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Configuring a MoodleNet instance

Last year I participated in MoodleNet's user testing, and now that v1.0beta is approaching it's a good time to deploy my own instance. I have been running my Mastodon instance-of-one for a couple of years, and that's the same approach I will follow for MoodleNet.

In contrast to last year I am employed by Moodle now. But I joined the Moodle Apps team, so I am doing this of my own volition as a side-project.


Task started

After some tinkering, I've managed to get my instance up and running. You can find it at

I have to say it's been quite easy to set up. Following the instructions works for the most part. There is only one thing that didn't work for me, and that was running the backend in console mode. But I could work around it executing commands in a running container like this: docker-compose exec backend ./bin/moodle_net rpc "MoodleNet.Access.create_register_email(\"\")". It's also not specified in the instructions, but I made sure to use the stable image for the backend container.

Other than this, there were a couple of things I had to do that are particular to my use-case.

Since I am configuring an instance-of-one, I don't really care about emails so I didn't bother configuring them. The only problem I had with that is activating my account after signing up. Looking at the source code I found a way to do it programatically calling MoodleNet.ReleaseTasks.user_set_email_confirmed("username").

Something else I had to configure differently is the networking, given that I am serving multiple websites from the same server. I already faced this problem installing Mastodon, so I did the same and ended up using nginx-agora.

Finally, I wanted to set up automatic backups. Again, I had already faced this installing my Solid POD. So I used rireki to upload daily backups to DigitalOcean spaces.

At one point I had issues building the image in the server. I was getting out-of-memory errors because I didn't have enough RAM on the server, and I thought I'd have to resize my droplet. But looking for alternatives I found a way to share docker images without a repository. I have to say, Docker is awesome and it took me a while to get the hang of it. But now that I've been using it for years it's been a life saver countless times.

I also did some small modifications to the code, most of which I've reported as issues to be discussed in the main repo. You can find my fork with these modifications here.

I'd say this task is done now, but I'll leave it open for a couple of days to see if something comes up using it in production.

I've been tinkering some more and I think I have a fair grasp of the current status of the project, so that'll be it for this task.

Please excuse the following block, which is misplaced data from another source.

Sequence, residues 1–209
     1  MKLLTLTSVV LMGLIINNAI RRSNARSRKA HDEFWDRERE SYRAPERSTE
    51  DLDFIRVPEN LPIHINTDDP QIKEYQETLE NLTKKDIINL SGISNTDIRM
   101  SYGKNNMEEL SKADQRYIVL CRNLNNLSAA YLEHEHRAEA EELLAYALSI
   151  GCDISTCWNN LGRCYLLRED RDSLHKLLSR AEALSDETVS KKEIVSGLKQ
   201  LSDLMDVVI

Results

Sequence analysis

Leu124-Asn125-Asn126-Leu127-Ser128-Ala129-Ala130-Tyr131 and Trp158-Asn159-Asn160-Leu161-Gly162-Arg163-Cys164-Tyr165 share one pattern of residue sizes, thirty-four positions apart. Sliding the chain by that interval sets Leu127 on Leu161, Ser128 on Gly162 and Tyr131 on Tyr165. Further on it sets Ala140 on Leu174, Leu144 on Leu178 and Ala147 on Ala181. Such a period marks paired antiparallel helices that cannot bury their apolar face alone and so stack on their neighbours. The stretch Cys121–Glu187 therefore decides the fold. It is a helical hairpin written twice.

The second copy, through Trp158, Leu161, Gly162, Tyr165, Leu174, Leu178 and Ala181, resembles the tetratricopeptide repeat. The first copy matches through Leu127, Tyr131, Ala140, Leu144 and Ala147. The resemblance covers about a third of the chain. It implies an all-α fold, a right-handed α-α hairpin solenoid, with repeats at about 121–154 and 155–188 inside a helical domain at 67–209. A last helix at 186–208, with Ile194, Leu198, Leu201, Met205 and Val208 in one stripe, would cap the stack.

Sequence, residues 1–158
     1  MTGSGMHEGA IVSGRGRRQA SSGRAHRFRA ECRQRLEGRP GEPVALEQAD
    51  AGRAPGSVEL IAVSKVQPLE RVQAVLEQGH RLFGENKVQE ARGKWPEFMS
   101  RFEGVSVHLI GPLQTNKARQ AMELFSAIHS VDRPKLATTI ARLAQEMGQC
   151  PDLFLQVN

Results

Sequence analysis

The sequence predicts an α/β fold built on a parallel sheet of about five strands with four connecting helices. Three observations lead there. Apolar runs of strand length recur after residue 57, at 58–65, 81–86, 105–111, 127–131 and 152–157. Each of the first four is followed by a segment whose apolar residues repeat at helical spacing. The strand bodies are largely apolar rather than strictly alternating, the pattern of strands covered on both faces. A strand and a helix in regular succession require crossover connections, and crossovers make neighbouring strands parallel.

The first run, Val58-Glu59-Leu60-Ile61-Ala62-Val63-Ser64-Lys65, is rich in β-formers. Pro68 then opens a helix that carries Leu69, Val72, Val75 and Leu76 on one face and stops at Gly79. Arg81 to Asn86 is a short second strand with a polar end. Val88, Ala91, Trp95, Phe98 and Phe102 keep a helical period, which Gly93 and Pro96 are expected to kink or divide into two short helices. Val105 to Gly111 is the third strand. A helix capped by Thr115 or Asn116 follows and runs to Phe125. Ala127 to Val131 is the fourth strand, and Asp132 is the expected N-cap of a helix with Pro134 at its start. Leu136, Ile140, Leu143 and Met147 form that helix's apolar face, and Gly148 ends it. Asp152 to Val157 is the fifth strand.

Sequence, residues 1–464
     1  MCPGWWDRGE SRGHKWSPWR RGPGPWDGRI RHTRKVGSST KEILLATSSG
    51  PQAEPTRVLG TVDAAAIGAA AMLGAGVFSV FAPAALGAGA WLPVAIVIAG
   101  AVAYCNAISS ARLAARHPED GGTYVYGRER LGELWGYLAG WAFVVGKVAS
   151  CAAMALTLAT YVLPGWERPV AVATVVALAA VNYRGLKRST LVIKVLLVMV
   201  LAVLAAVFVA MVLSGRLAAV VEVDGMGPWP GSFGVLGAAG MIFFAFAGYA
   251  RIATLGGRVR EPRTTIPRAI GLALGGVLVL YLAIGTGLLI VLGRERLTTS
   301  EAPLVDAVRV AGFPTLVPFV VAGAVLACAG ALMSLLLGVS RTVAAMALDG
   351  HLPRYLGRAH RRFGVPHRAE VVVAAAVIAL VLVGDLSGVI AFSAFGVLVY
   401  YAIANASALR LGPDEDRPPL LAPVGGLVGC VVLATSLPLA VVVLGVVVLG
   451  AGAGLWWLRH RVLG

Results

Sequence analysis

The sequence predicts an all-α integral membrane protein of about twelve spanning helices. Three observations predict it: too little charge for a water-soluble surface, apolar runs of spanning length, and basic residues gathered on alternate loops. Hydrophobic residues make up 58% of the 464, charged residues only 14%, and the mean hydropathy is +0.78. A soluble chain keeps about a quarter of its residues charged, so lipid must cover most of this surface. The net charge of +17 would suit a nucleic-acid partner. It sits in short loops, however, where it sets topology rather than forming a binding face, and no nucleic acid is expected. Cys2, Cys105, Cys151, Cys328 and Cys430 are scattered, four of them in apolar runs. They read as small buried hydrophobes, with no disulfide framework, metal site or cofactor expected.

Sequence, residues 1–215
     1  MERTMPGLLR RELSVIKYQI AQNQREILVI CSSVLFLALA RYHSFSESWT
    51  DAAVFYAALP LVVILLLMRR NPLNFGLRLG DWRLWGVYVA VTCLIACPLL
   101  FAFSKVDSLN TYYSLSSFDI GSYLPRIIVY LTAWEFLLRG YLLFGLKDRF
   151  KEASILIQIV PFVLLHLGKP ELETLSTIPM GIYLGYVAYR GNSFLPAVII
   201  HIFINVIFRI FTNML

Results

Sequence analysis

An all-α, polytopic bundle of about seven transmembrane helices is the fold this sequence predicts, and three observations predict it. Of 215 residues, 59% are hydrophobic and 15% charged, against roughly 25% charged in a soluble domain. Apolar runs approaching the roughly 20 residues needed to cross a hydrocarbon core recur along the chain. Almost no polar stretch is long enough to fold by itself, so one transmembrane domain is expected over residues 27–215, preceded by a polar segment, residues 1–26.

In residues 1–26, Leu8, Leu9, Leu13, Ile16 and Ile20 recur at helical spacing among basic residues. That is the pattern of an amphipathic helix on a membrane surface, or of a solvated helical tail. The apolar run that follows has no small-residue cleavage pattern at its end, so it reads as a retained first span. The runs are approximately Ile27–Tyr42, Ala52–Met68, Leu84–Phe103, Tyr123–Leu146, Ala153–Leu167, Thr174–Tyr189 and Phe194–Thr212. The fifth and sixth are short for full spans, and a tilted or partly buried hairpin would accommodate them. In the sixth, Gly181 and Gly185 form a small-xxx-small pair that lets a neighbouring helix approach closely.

Something I found is a built-in GraphQL console that can be opened at /api/graphql. It's currently not working in the official Moodle instance, so I assume it can be disabled. I don't mind leaving it open, after all authentication is required to perform any priviledged operations. And it's not like it'd be impossible to run GraphQL queries without it. As I've said before, I'm not a fan of security through obscurity.

One of the things I've been testing is federation. It's not supposed to be ready yet because that's planned for Federation testing, an upcoming milestone. But I was curious to see where it's at.

Some things are working, I had a conversation with myself across Mastodon and MoodleNet. For normal users that's it though. The feature I was the most interested in is Remote Follows (following Users/Communities/Collections from other MoodleNet instances). It's actually implemented in the backend, but not exposed through the UI. I tried to call it from the GraphQL console, but I didn't manage to get it working. Looking at the server logs I can tell remote actors were retrieved successfully, but eventually there was an invalid function call error. I suppose there are some things to iron out (or I was doing something wrong).

Still, something came out of this. I had a chance to look at the backend and read some Elixir code. It was my first time reading Elixir and I have to say it seems easy to understand. I also realized there is more to the backend than you'd think looking at the UI. So I don't think the project is too far from having functioning federation. Of course, take anything I say with a grain of salt because I'm not qualified to know. I also didn't try connecting with the mothership which is also an important piece for discoverability.

Task completed